What is it about buttons that makes them collectible, and what drives the interest to collect them in the first place?
Our connection to buttons begins almost with our earliest memories. It is a largely unmarked yet still very satisfying rite of childhood passage when, around the age of four or five, we first master the dexterity needed to button and unbutton for ourselves.
I wonder if that same primal sense of accomplishment was felt by the ancient craftsman who created the first button: according to An Encyclopedia of the History of Technology, “the earliest known button found at Mohenjo-Daro in the Indus Valley [now Pakistan] … made of a curved shell and about 5,000 years old.”
Antique buttons were produced using all sorts of materials at hand, from stone and metal, to ceramics and glass, to bone and antler. To collect buttons is to collect the story of how we as a species have historically chosen to outfit our persons.
Originally, buttons weren’t arranged in rows, but were used individually as stylish accents. These early buttons usually consisted of a flat decorative face that fit into a loop. (Reinforced buttonholes weren’t dreamed up until much later, during the 13th century).
Buttons, along with buckles, brooches, and pins, were used by the ancient Romans as decorative closures for complex garments.
Among the earliest buttons were ceramic Satsumas from Japan. Made in the 17th century by potters, these decorative buttons were painted in intricate detail, with depictions of miniature scenes from daily life and the natural world. Satsumas didn’t find their way to Europe and North America until the mid- 1800s, one reason they are highly collectible.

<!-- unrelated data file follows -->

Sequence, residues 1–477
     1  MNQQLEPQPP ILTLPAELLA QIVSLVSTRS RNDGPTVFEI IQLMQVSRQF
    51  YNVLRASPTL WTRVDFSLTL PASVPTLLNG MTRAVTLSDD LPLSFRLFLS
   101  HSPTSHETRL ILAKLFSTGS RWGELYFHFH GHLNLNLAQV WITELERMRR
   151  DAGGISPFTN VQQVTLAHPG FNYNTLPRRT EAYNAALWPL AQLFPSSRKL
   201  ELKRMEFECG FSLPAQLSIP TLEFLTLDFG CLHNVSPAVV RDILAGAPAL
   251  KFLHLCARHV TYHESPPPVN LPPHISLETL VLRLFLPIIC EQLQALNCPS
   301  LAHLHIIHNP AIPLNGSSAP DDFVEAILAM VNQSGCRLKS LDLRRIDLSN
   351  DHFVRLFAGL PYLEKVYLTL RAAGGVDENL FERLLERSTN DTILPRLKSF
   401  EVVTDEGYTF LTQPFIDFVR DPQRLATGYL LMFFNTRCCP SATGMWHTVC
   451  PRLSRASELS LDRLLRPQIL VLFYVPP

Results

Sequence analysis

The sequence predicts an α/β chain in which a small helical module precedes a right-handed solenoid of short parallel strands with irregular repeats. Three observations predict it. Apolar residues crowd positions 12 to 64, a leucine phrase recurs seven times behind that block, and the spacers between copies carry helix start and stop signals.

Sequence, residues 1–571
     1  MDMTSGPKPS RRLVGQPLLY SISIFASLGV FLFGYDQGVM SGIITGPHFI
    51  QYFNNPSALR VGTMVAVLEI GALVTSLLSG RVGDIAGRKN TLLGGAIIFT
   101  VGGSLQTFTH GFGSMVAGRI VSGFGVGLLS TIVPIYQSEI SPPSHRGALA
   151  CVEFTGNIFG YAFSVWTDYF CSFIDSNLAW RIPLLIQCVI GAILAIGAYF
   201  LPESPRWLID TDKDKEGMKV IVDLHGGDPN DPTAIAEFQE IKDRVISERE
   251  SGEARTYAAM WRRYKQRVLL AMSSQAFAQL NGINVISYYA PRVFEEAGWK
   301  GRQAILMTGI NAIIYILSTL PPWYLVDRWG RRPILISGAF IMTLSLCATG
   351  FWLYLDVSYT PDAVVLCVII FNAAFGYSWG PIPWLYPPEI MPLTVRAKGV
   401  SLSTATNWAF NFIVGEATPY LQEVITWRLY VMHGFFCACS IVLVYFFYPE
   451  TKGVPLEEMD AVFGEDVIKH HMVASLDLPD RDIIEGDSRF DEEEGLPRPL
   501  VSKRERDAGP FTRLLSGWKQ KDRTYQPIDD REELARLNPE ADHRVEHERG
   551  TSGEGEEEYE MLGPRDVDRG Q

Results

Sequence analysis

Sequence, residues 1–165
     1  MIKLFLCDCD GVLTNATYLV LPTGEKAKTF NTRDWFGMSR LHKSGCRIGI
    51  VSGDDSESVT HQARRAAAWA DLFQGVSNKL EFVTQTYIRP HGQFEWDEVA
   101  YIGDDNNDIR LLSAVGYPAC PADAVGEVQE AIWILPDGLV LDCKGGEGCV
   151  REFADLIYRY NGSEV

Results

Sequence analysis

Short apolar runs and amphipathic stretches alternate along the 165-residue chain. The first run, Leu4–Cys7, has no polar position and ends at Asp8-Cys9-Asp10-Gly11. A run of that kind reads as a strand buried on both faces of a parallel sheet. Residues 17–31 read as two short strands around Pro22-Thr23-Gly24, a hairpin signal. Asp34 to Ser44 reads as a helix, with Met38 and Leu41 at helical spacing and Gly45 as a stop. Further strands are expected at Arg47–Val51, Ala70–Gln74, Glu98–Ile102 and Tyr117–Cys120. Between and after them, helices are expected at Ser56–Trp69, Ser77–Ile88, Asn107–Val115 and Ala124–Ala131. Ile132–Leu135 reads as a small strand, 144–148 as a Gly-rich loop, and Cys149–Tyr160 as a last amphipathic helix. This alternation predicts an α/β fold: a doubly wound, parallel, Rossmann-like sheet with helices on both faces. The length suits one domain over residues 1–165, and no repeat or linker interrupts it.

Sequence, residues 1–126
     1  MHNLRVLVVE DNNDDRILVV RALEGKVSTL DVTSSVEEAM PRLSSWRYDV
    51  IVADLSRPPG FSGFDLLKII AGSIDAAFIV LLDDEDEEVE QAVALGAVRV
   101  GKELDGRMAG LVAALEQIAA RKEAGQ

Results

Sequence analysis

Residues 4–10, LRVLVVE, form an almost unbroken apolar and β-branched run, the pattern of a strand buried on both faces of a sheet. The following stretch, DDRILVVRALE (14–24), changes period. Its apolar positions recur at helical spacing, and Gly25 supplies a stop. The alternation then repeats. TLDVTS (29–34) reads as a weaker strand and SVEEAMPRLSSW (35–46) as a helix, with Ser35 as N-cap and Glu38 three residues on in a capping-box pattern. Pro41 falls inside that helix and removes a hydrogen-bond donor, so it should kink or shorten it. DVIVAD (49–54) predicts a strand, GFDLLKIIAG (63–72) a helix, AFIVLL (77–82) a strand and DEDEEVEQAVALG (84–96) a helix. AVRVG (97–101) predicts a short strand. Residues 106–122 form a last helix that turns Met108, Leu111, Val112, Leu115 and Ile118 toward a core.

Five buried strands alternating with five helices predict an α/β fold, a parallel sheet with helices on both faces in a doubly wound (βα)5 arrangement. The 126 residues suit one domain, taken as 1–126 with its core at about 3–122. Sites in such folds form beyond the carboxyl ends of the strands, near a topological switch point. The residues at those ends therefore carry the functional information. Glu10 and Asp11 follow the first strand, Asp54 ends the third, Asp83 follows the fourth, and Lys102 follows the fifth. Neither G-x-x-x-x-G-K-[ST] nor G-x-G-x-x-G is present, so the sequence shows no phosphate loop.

Also valuable are brass Victorian picture buttons, which were stamped with images inspired by popular entertainment, from children’s books to Gilbert and Sullivan operettas. Victorians who wanted to express their fancy for an author or work would sew buttons decorated with scenes from the novel or play on their shirts or coats. Other picture buttons were adorned with images of flora and fauna, astronomical bodies, and mythology.
Another collectible Victorian original is the black glass button, which became fashionable after 1861, when the Queen’s husband, Prince Albert, died, and she took to wearing mourning black, leading to a rise in the popularity of black clothing and jewelry. The first black buttons were made from jet, a fossilized mineral. But the expensiveness of jet led to black glass being substituted.
Between the First and Second World Wars, glassblowers from Bohemia, now part of the Czech Republic, produced another popular collectible type of glass button. The styles ran from Art Deco to buttons produced in the shape of the objects they depicted, known as “Realistics.” After World War II, Bohemian artisans produced “Moonglow” buttons with opaque bases and clear glass faces. Most of these post-war Bohemian buttons were produced for export to Russia, as seen by the button cards written in Cyrillic script.
lso noteworthy are 19th and 20th century enamel buttons. Cloisonne buttons were difficult to produce because the process required that tiny threads of wire be soldered to a base. The cavities were filled with enamel and the button was fired. Champleve enamel buttons are also beautiful, but generally less expensive to collect because the process of creating them was easier than with Cloisonne.